But just as it appears foolish to claim a miracle on rational grounds, it is foolish to dismiss a miracle on rational grounds. If you dismiss one miracle on rationalistic grounds, you run the risk of dismissing them all, and eventually you will have to dismiss the irrational beauty of altruism itself.  If you and I lose our capacity for irrationality – which is threatened on every side by programs, methodologies, ideologies, and the calculative sciences – we run the risk of losing our selves.  The joyous irrationality of altruism confronts the science of sanctity and the rapaciousness of reason with equal force. We should cherish the virtuous potential of the irrational most of all, because Nature is lawless and true and the more lawless your truths, the closer you are to Her.
When a church tries to appropriate the aesthetic, it is making an attempt to accommodate it. In the process, it reduces the aesthetic to its terms and what follows can no longer be said to amount to a fair treatment. While Catholic art is art in the service of the irrational and is to be commended for this, the Catholic God has been around so long, and so much has been predicated of Him in text and speech, that the irrational has become almost impossible to find. God has been grounded too often, and has become unbearably codified and subsumed within the sedimentary layers of culture. Like the Familia, the Catholic God is exhausted.
Within all this, the creative arts function best as safe sites for expression of the hintergedanke – that thought at the back of your mind that usurps the monism of your perspective, rattles your intellectual edifice, and acts as a fly in the perfected ointment that lubricates your mind. Not being a priest, I can go further than Father G- and, citing the hintergedanke, say that within a healthy symphony there are instruments of cacophony.  The creative arts should be a safe place for the hintergedanke to find expression not just because the creative process is irrational too, but because its products are to be reacted to rather than acted upon. Better that art makes mistaken interpretations of what the hintergedanke offers than we base religious practice on it.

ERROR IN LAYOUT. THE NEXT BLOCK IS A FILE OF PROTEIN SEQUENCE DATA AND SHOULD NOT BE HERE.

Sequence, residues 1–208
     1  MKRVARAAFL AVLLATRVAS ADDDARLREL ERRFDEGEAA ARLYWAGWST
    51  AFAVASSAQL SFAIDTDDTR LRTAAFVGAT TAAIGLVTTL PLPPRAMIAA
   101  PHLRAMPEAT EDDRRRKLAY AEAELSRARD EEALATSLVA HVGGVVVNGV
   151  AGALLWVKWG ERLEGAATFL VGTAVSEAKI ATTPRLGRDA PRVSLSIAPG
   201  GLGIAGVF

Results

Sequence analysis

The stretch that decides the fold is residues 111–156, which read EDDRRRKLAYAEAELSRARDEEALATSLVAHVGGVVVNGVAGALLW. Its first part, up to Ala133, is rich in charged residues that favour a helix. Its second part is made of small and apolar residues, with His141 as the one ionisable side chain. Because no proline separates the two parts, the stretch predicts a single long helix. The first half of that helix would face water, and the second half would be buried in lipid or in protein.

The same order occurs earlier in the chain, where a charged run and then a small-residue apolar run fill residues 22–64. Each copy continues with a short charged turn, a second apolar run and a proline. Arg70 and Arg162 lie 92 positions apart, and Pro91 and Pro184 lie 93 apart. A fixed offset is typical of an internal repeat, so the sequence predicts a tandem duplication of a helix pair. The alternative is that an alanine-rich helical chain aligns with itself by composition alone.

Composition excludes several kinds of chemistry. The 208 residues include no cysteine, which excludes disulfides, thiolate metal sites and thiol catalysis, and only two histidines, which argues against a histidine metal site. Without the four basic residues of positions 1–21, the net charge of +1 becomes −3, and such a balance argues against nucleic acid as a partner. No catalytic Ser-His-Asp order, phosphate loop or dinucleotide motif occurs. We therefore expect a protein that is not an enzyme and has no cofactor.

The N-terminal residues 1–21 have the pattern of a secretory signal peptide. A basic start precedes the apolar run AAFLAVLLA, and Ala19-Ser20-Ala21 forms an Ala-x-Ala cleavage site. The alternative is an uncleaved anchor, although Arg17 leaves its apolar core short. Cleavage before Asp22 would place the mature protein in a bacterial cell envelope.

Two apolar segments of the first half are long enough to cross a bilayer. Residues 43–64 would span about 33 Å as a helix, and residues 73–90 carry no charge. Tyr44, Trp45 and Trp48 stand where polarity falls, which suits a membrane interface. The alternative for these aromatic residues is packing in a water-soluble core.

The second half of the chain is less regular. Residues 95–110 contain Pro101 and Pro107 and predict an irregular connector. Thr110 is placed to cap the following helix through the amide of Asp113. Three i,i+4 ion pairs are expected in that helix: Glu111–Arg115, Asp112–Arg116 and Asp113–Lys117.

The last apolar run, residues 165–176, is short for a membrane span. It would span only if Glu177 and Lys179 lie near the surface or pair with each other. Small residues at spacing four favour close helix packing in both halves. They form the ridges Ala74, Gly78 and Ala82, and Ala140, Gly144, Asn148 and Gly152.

This is the difference between “fear and trembling’ and ‘joy and wonder’.   


* It is for these reasons that I don’t enclose the word God within inverted commas, as perhaps I should in this kind of spontaneously formal discussion, nor do I replace the traditional ‘Him’ with ‘God-concept’ or any other construct alien to the religious worldview. At the very least, one should learn to respectfully speak the language of the temple before tearing down its Gods; furthermore, the first step to understanding an idea is to befriend it. 

**Its worth noting that secular Western hero Winston Churchill ordered chemical weapons to be used against Iraqi Kurds in the same period, declaring: “I do not understand this squeamishness about the use of gas. I am strongly in favour of using poison gas against uncivilised tribes.” Murder should be an activity that disqualifies you from being turned into a mor(t)al hero, and not a rite of passage, although generally this seems not to be the case.  

Emmet Cole
21 January 2005

Emmet Cole is a journalist and writer from Ireland. His work has appeared in Red Herring, The Irish Times, and BookView Ireland. He co-authored a comedy play, The Indestructible Sandwich with Mid-Day columnist, Rohit Gupta, and is currently working on a novel. His column Joyous Anarchy will appear monthly on The Modern Word.